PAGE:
Compound Goes DAO – Trustnodes

Compound Goes DAO

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Compound governance dapp, June 2020

The world’s first prominent decentralized autonomous organization is now live almost precisely four years after this was first tried on ethereum in 2016.

Compound, a financial decentralized app running on ethereum, has removed the ‘guardian,’ with no one now having any say over $100 million worth of assets but the COMP token holders.

Following months of testing and some audits, a passed code proposal is now passed, no ifs, no buts.

Compound guardian address, June 2020
Compound guardian address, June 2020

Since the Slockit DAO hack in 2016, dapps have used a fail-safe mechanism, a backdoor basically with someone having total control and say over everything within the dapp.

Compound has set the guardian to be an address that has no known private key and no possibly known private key. Address zero, the ethereum network itself, the nodes.

In a fairly detailed description of the new governance, they specify how you can put forth new code if you have 100,000 comp tokens, with at least 400,000 tokens required to vote out of a total 10 million.

If the proposal passes, anyone can send it to the two days cooling off period and then activate it. This you’d think would be so that if there’s some bug or it has somehow been gamed, the token holders can revert.

That’s not the case however. This cooling off period of two days is so that according to Robert Leshner, a Chartered Financial Analyst and founder of Compound:

“If people vote to raise interest rates to 40% and you hate it, and you’re borrowing, you have time to stop using the protocol before the change goes live.”

So if a proposal passes then it passes, there’s nothing anyone can do about it even if say some huge bug is found in those two days, he was asked, with Leshner simply stating: “Right (although the creator can cancel it).”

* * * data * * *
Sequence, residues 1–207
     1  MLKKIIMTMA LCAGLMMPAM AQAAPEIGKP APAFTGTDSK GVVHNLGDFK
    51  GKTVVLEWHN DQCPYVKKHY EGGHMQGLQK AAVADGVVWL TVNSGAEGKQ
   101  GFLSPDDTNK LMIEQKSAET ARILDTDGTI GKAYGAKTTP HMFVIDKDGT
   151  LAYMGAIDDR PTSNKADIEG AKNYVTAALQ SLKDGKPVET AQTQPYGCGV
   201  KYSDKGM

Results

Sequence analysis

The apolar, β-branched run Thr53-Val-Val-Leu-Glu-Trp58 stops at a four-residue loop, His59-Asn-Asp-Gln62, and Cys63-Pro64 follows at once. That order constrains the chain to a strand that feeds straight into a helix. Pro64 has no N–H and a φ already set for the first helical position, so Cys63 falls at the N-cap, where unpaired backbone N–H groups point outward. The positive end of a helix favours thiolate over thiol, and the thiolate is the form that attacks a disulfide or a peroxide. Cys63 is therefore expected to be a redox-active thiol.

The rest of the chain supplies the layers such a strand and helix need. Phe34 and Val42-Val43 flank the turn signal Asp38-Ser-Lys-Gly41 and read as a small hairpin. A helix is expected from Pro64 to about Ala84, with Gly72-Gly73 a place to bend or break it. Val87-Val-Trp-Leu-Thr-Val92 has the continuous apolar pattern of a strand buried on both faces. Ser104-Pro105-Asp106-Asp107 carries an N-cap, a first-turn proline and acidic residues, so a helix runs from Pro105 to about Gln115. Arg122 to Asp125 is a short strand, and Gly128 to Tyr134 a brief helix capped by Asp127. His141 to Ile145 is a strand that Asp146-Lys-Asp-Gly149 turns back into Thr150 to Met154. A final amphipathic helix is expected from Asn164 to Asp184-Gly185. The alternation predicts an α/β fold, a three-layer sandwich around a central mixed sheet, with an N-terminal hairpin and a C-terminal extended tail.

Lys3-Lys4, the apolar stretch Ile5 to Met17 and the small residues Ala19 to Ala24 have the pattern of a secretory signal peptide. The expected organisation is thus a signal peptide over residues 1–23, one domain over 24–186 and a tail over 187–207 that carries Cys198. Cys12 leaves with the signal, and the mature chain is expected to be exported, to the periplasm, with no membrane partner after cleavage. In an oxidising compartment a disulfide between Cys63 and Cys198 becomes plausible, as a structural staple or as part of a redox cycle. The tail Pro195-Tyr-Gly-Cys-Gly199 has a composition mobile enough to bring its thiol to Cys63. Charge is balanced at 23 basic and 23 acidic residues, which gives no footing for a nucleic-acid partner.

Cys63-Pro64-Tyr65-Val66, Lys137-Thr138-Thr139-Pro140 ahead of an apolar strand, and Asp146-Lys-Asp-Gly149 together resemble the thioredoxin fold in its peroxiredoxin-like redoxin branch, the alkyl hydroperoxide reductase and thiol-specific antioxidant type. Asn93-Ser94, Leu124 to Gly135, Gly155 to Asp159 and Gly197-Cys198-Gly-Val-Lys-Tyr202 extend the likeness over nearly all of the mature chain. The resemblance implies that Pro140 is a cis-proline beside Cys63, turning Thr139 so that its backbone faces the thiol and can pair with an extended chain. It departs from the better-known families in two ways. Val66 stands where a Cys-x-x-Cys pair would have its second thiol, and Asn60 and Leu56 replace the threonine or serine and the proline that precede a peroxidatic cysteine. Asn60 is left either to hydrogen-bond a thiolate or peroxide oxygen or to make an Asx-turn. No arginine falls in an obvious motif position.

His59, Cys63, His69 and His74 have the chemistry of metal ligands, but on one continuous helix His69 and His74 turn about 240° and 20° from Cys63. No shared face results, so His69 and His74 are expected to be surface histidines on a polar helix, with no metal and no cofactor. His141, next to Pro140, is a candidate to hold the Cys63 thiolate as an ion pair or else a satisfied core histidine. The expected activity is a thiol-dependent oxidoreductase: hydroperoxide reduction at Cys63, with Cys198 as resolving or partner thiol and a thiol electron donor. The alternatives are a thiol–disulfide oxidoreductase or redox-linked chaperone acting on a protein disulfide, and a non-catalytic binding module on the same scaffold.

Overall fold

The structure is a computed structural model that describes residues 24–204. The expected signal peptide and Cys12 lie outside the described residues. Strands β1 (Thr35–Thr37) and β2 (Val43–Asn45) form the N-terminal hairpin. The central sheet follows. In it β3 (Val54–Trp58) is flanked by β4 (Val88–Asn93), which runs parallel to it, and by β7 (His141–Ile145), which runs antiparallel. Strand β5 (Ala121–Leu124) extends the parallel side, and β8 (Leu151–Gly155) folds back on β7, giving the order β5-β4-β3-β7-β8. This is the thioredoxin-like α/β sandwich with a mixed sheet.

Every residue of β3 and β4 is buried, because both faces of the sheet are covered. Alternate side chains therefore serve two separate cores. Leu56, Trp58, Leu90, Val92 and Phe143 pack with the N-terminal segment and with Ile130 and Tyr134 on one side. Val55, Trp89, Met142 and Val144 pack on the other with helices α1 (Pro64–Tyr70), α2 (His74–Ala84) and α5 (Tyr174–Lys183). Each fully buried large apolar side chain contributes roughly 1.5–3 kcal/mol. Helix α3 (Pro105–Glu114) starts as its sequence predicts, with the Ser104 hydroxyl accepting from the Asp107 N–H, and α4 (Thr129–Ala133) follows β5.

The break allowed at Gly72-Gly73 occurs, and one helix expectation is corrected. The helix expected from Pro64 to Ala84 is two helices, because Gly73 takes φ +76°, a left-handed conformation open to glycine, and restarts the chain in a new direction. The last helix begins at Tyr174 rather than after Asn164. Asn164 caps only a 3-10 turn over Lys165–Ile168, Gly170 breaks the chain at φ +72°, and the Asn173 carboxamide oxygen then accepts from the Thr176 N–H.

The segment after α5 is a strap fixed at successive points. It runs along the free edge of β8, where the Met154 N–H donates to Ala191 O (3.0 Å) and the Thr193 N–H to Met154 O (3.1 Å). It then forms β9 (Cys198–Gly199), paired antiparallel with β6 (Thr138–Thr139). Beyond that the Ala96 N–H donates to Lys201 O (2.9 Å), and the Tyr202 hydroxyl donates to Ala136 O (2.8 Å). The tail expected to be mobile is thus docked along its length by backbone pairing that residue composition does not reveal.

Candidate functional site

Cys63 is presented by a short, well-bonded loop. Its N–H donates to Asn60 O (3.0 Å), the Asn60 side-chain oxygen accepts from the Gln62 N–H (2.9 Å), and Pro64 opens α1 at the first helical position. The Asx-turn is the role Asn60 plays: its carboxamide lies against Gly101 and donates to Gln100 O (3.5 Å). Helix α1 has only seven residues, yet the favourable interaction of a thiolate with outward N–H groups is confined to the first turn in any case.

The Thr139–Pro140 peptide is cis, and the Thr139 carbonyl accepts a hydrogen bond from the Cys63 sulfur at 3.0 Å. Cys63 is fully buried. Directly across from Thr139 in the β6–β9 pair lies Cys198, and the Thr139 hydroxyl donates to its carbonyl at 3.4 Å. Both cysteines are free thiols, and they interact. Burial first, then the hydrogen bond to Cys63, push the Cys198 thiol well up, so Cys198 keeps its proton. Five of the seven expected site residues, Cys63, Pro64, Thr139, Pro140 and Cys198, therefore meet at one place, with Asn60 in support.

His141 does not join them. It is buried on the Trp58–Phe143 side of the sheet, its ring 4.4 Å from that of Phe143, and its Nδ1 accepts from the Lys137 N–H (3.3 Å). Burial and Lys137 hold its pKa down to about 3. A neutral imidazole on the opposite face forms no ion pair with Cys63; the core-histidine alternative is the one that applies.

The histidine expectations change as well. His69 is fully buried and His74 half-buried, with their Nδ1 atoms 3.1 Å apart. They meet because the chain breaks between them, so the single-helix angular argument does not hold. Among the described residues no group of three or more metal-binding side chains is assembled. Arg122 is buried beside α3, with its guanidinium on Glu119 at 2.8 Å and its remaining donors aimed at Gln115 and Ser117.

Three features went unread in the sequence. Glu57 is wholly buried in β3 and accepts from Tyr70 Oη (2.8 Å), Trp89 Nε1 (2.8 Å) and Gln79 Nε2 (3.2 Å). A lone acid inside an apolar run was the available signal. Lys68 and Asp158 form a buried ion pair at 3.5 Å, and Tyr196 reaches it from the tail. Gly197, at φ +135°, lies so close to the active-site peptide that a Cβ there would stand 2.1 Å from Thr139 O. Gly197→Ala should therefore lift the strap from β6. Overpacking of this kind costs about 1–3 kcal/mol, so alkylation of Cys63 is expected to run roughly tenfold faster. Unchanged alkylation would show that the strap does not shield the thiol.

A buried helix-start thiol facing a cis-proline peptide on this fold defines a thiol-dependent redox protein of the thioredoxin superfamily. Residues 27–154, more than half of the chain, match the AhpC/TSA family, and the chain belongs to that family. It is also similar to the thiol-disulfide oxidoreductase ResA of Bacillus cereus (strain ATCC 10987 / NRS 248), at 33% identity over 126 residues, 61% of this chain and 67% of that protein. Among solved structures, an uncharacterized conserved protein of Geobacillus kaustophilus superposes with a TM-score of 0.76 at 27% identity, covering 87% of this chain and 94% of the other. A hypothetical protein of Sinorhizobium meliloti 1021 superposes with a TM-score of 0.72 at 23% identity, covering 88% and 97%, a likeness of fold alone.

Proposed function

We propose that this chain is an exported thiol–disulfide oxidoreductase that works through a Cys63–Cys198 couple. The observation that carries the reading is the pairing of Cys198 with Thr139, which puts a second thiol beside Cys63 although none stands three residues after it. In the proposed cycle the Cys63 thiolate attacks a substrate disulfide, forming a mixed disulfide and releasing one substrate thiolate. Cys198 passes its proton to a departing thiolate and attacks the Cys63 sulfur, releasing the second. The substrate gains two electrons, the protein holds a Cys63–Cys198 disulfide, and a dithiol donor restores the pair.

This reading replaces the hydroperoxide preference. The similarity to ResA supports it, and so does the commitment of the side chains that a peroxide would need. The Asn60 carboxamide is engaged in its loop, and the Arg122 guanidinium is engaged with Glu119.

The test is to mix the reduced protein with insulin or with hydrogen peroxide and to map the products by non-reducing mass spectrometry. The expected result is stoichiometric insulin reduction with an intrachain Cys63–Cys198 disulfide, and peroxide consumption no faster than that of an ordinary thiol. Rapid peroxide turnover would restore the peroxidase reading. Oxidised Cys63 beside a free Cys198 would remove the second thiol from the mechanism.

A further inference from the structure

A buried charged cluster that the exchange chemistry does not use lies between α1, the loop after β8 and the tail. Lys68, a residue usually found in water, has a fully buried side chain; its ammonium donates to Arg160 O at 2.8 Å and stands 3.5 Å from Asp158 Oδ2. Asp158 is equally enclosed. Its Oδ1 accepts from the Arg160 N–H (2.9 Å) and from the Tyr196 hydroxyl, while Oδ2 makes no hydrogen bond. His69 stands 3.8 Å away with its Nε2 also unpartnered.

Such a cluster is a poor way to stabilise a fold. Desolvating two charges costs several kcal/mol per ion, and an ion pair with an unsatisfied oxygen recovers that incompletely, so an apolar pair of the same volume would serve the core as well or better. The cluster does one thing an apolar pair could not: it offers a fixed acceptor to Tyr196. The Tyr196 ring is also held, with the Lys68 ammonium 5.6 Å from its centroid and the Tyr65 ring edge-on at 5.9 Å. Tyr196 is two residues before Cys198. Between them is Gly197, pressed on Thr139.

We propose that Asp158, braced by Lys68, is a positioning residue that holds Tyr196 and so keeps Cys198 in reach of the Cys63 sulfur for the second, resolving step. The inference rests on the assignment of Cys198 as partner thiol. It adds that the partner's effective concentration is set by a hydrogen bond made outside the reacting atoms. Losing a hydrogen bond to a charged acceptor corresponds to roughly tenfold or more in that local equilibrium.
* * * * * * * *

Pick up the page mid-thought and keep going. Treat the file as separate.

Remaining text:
Some 50% of these tokens have been kept by Compound Lab shareholders or the founding team.

According to an April statement, 2,396,307 COMP has been given to their shareholders, which includes Andreessen Horowitz, Coinbase Ventures, Bain Capital, and others.

Another 2,226,037 tokens have gone to the founders and team and are subject to 4-year vesting.

Another circa 400,000 is for future team members, and close to 800,000 is “for the community to advance governance through other means — which will be announced at a future date.”

Some 4.2 million has now began distribution to the dapp users, with it sent to a Reservoir contract to be distributed at 0.50 comp tokens for each ethereum block in a 50/50 share between borrowers and lenders.

Those comp holders can then delegate their voting rights to reach the threshold requirement of 100,000 tokens for a proposal address, and then if a majority agrees they can order their ‘business’ to do whatever they want.

“The point is for the protocol to run without us; don’t rely on our team to develop the protocol or being a necessary middleman,” Leshner says, so describing an old idea that hasn’t actually been fully applied until now.

Because these dapps are basically just code and because a token can be a way to fully prove ownership, you can have direct governance in the runnings of a digital ‘company’ without requiring the execution or the enforcement of that governance by any one individual or board of directors.

Making the token holders literally the owners, rather than beneficiaries, as they have full control on all aspects.

Here the distribution is somewhat concentrated with the Compound Labs shareholders and team having 50% of tokens and therefore half the say, but even in this setup – which is somewhat common in the traditional world where founders keep 50% and investors the other 50% – this is a novelty as everyone has to follow the actual process.

They have bound themselves to the code, and thus any action they want to do has to be a public action, and there has to be public approval for or against it, without a key that can just overrule all of this.

Dealing with public code also means dealing with all the Nakamotos across the globe who can read it potentially better than you can.

As anyone can order, the Nakamotos can too, and the code will follow their orders just as anyone else’s. So a little bug can be the end of a project, which is why dapps usually have an overruling key.

But Compound has been running for two years and in that time they have now apparently reached the stage where they don’t think they need an overruling key, with the guardian removed and the token holders so being the only kings.

Making this very edgy, and a jump into potentially even a new era in the ethereum space as this idea of us owning code businesses starts becoming a thing once more.

Last time it was tried it was far too soon, but this time it may well work, and if it does, then a vast new space is opened where we own the code.

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